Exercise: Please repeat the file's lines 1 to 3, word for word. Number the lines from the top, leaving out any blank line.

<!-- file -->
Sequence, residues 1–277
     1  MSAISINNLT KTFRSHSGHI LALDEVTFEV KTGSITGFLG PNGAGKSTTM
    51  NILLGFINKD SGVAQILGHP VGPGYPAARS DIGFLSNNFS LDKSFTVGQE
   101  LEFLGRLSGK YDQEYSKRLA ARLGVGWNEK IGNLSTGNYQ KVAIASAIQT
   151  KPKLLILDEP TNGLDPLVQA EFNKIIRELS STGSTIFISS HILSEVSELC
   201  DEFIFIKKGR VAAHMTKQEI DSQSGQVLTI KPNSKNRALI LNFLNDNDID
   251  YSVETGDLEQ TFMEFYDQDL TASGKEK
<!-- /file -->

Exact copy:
Sequence, residues 1–277
     1  MSAISINNLT KTFRSHSGHI LALDEVTFEV KTGSITGFLG PNGAGKSTTM
    51  NILLGFINKD SGVAQILGHP VGPGYPAARS DIGFLSNNFS LDKSFTVGQE